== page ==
Your state relies heavily on property taxes. The above-referenced editorial also points out that 48% of state and local revenues collected in N.J. come from property taxes, which is off-the-charts high: "No other state derives more than 41 percent of its revenue from that source; the U.S. average is 33.1 percent."
This state of affairs would be more acceptable to locals if the tradeoff for high property taxes is low taxation in other areas. Indeed, New Jersey has one of the country's lowest gas taxes, and it's in the middle of the pack in terms of taxes on wine, spirits, and beer. Unlike many other states, people in New Jersey don't pay any vehicle property taxes either. Then again, New Jerseyans do pay the second highest state sales tax rate (7%, only California is higher).
Little or no tourism. A recent WalletHub study named Hawaii as the state with the lowest property taxes. New Jersey property taxes are eight times higher than their counterparts in the Aloha State. And a big reason why homeowners get off (relatively) easy in Hawaii is that the state collects so much from outsiders, thanks to high taxes on hotels and other tourism expenses. Likewise, taxes paid by casinos and tourists in Nevada are often credited as a reason why state property taxes aren't high.
Little or no industry. The more that industrial and commercial businesses pay in taxes in a state or town, the less it's necessary for homeowners to cover the government's tab. According to the Wyoming Taxpayer Association, 69% of property taxes in the state are paid by mineral production businesses. Therefore, residential property taxes can remain low—the state has no income tax either. The city of Marlborough, Mass., recently estimated that it were it not for local commercial taxpayers, the average homeowner would see his property tax bill (now averaging $4,791) shoot up by $1,164 per year.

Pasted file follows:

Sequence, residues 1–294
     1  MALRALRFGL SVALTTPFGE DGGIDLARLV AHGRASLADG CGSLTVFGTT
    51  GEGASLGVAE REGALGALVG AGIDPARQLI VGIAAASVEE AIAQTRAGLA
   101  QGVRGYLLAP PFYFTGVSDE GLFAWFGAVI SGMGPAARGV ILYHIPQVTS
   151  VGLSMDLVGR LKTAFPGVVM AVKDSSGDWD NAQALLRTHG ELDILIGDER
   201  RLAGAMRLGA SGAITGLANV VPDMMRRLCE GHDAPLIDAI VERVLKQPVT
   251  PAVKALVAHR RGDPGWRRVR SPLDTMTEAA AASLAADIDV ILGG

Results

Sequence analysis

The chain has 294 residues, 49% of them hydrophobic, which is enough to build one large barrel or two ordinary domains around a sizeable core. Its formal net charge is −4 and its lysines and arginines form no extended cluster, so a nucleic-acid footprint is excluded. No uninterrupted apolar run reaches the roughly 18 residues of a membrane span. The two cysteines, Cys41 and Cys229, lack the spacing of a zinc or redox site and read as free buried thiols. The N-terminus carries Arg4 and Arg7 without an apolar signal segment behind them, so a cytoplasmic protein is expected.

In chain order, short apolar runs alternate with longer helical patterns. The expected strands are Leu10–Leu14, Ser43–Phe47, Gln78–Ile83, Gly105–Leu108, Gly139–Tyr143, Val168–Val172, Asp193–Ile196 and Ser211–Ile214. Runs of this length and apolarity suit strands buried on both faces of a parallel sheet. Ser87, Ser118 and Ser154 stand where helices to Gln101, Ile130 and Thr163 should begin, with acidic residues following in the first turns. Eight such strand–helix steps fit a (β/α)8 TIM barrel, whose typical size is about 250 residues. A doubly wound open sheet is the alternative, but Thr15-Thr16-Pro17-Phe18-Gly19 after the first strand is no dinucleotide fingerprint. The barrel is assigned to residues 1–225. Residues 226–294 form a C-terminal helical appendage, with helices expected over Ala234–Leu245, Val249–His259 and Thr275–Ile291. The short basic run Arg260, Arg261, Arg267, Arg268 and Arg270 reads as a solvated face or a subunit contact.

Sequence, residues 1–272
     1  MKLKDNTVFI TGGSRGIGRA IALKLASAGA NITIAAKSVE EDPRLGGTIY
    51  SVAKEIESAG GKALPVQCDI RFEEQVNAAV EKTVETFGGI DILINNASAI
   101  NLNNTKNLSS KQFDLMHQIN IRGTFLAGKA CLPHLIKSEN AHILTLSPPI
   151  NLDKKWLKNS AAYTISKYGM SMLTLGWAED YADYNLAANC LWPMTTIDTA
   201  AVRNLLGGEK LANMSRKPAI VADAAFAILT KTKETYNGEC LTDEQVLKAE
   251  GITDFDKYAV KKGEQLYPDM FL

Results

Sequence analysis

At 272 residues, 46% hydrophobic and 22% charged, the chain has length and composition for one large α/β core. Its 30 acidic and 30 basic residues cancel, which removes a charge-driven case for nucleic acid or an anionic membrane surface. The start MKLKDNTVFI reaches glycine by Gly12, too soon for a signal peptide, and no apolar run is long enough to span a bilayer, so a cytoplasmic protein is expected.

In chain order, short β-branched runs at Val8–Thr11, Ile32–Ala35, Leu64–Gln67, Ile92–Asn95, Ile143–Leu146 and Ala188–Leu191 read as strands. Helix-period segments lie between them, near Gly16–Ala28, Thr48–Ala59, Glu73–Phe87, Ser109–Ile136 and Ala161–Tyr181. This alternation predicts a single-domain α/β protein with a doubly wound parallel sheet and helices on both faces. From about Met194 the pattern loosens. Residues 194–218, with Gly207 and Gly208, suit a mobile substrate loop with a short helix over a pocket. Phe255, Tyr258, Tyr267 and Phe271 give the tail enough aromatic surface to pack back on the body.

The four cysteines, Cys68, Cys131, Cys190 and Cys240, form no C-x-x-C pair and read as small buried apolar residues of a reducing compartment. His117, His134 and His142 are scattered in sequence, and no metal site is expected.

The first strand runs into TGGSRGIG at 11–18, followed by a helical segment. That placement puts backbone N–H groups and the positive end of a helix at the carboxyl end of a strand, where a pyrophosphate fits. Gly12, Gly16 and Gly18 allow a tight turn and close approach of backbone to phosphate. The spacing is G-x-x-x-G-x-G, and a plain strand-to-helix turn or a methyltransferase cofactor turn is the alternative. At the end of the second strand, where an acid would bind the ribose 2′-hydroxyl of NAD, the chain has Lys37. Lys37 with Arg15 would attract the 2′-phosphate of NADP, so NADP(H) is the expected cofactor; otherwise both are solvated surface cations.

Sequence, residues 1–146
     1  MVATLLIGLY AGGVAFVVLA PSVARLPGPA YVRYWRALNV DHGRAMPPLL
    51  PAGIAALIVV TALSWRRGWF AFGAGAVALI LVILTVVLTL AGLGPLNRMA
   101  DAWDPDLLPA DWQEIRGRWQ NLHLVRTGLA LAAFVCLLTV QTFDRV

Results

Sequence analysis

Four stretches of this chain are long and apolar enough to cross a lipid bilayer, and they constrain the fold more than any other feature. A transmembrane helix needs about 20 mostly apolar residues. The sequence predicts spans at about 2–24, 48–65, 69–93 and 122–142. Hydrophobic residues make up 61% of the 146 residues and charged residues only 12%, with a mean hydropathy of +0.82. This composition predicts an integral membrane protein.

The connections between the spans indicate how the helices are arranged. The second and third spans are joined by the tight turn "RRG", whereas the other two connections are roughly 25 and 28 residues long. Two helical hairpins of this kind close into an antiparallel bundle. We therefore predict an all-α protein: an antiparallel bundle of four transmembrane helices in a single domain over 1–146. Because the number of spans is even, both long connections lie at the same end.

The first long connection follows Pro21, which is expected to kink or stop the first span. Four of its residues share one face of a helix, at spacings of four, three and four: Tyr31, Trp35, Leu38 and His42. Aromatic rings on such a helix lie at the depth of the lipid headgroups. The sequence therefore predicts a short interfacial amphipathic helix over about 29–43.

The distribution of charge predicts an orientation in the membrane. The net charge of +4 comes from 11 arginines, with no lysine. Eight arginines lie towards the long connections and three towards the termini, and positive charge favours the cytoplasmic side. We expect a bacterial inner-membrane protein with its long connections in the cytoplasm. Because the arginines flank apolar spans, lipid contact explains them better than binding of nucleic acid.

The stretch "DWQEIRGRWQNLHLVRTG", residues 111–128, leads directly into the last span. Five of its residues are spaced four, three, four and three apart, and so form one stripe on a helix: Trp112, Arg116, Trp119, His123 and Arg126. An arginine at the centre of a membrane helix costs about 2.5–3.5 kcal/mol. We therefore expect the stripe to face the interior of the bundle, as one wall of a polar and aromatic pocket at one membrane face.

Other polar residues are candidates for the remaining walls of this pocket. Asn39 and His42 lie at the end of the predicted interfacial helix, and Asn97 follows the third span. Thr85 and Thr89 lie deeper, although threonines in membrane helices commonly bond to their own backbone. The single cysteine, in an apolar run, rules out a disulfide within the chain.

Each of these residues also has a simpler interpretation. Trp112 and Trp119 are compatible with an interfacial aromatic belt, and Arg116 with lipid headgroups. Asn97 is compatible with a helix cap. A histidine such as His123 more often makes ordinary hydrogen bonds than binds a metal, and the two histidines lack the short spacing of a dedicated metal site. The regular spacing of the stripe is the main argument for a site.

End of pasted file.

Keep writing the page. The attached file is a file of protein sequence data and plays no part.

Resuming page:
Your property is worth a bundle. Your property tax bill is based on multiplying the local tax rate times the assessed value of your home. So, generally speaking, the owners of more valuable homes pay more in property taxes. Marin County has the most expensive real estate in California, on average, so it should come as no surprise that it has the highest (or among the highest) average property taxes too. In New Jersey, the 10 towns with the highest property tax bills all averaged over $18,000 per year, and five out of the ten had average residential property values over $1 million.
Or it's not worth much at all. A recent RealtyTrac report shows that nationwide, the highest property tax rates were for high-end homes, valued between $2 million and $5 million. That's not surprising. What is somewhat of a shock, however, is that the second highest effective property tax rate—calculated based on a percentage of a home's value—was for houses at the extreme low end of the value spectrum, assessed at under $50,000 or less. Granted, owners at the low end aren't paying big bucks, but in terms of the percentage of the home's value, property tax rates represent a disproportionate burden.
Your assessment was too high. There may not be much you can do to change your local tax rate—other than move, of course. But you can challenge the assessment on your property. If your appeal results in a lower assessment, your tax bill goes down as well. The National Taxpayers Union estimates that somewhere between 30% and 60% of properties are over-assessed. This guide to disputing your property taxes from This Old House has some of the best advice on the topic we could find.